Bloomberg Anywhere Remote Login Bloomberg Terminal Demo Request


Connecting decision makers to a dynamic network of information, people and ideas, Bloomberg quickly and accurately delivers business and financial information, news and insight around the world.


Financial Products

Enterprise Products


Customer Support

  • Americas

    +1 212 318 2000

  • Europe, Middle East, & Africa

    +44 20 7330 7500

  • Asia Pacific

    +65 6212 1000


Industry Products

Media Services

Follow Us

Bloomberg Customers

Biggest Solar Farm Switching to Panels Only Before Purchase

Solar Trust of America LLC asked regulators for permission to follow through on previously announced plans to use photovoltaic panels at its 1,000-megawatt Blythe solar farm, not the originally planned solar-thermal system, before the California project is sold to NextEra Energy Inc.

The switch is described in a petition filed by Solar Trust’s Palo Verde Solar I unit and posted today on the California Energy Commission’s website. If approved, construction may begin as soon as April on what would be the world’s largest solar farm.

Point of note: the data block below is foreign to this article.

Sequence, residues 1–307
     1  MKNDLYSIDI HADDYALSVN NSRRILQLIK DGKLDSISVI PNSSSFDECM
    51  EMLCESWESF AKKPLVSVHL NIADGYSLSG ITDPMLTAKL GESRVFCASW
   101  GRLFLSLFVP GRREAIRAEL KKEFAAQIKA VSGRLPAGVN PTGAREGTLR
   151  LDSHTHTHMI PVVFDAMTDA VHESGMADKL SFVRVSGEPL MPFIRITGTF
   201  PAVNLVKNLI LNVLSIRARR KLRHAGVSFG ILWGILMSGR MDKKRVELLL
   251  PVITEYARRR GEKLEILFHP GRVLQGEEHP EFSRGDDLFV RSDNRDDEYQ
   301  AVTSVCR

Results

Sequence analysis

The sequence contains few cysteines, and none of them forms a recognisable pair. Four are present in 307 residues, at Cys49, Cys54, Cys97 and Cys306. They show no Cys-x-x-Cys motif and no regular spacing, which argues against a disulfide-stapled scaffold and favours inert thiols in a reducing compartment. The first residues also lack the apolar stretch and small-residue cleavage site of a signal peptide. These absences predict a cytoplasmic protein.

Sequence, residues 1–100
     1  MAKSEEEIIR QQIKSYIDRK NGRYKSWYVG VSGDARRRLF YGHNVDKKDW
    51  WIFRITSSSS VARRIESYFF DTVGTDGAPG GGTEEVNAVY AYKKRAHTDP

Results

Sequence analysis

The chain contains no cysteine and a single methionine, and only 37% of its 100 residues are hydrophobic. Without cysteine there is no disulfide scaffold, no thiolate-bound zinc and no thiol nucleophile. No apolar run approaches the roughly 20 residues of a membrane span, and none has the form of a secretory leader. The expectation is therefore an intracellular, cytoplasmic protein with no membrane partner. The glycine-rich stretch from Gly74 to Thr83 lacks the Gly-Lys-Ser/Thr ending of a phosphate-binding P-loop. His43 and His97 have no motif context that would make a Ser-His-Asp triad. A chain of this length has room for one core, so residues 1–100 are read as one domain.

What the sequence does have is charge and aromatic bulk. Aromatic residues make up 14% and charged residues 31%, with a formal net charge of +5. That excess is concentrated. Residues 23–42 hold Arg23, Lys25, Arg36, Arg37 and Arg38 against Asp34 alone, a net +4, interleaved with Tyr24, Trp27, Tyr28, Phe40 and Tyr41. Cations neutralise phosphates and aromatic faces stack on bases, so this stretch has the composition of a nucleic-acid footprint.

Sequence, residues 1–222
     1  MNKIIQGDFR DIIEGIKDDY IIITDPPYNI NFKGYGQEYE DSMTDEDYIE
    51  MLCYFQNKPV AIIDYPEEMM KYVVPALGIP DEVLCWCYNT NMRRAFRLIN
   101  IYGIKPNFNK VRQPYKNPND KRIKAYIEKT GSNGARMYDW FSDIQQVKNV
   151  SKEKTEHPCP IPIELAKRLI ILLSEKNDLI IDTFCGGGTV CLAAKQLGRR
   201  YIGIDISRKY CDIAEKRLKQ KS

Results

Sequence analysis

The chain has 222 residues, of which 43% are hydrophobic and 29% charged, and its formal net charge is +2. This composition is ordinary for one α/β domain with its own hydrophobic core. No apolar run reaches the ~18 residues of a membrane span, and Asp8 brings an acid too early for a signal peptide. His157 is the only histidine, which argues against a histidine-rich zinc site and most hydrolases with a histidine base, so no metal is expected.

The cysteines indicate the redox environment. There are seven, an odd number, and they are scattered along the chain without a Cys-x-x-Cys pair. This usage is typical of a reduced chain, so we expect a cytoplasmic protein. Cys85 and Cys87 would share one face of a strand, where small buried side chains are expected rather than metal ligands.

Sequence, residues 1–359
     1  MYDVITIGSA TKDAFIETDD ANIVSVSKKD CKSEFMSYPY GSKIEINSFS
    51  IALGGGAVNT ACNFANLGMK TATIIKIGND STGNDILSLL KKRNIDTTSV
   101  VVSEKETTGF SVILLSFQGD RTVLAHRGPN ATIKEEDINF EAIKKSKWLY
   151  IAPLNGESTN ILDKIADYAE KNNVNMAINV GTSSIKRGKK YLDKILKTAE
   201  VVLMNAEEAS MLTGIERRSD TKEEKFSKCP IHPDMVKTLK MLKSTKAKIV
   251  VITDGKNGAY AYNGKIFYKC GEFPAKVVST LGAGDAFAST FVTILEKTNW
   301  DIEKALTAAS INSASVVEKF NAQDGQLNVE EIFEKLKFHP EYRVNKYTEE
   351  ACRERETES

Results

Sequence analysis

Prices for photovoltaic panels fell by half last year, making them more economical than solar-thermal systems. Solar Trust first announced plans to switch half the Blythe project to panels in August, driving down the market value of its co-owner, the German solar-thermal developer Solar Millennium AG, which filed for insolvency in December.

“We would expect that moving forward this will be a PV project,” Steven Stengel, a NextEra spokesman, said today by e-mail.

NextEra received approval from a bankruptcy court to purchase Blythe June 27. The price may be as much as $50 million if all contingency payments are made. The sale hasn’t closed yet.

Ownership Change

Palo Verde filed a petition with the state energy commission June 25 to transfer ownership of Blythe to NextEra.

Edison International’s Southern California Edison had agreed to purchase Blythe’s electricity, and switching to photovoltaic panels would require the contract to be renegotiated, Marc Ulrich, the utility’s vice president of alternative and renewable power, said in April. That hasn’t happened and the utility said yesterday it no longer has a power-purchase agreement for the project.

Photovoltaic panels convert sunlight into electricity. Solar-thermal systems focus sunlight to heat liquids and produce steam that drives a turbine to generate power.

Please upgrade your Browser

Your browser is out-of-date. Please download one of these excellent browsers:

Chrome, Firefox, Safari, Opera or Internet Explorer.